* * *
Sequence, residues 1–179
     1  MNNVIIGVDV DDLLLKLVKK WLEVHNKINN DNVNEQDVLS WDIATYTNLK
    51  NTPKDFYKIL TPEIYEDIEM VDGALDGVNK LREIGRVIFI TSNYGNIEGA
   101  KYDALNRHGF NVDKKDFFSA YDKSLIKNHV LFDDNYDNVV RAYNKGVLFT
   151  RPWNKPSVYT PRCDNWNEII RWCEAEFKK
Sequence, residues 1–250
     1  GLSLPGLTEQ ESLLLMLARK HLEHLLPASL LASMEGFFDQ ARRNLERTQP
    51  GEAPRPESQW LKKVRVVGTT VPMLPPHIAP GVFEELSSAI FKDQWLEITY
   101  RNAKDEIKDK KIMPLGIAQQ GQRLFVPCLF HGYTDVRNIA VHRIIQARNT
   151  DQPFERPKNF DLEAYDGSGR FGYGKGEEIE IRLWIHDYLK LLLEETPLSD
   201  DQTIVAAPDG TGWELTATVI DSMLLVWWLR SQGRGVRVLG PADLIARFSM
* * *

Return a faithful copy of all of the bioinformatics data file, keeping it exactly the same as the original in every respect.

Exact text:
Sequence, residues 1–179
     1  MNNVIIGVDV DDLLLKLVKK WLEVHNKINN DNVNEQDVLS WDIATYTNLK
    51  NTPKDFYKIL TPEIYEDIEM VDGALDGVNK LREIGRVIFI TSNYGNIEGA
   101  KYDALNRHGF NVDKKDFFSA YDKSLIKNHV LFDDNYDNVV RAYNKGVLFT
   151  RPWNKPSVYT PRCDNWNEII RWCEAEFKK
Sequence, residues 1–250
     1  GLSLPGLTEQ ESLLLMLARK HLEHLLPASL LASMEGFFDQ ARRNLERTQP
    51  GEAPRPESQW LKKVRVVGTT VPMLPPHIAP GVFEELSSAI FKDQWLEITY
   101  RNAKDEIKDK KIMPLGIAQQ GQRLFVPCLF HGYTDVRNIA VHRIIQARNT
   151  DQPFERPKNF DLEAYDGSGR FGYGKGEEIE IRLWIHDYLK LLLEETPLSD
   201  DQTIVAAPDG TGWELTATVI DSMLLVWWLR SQGRGVRVLG PADLIARFSM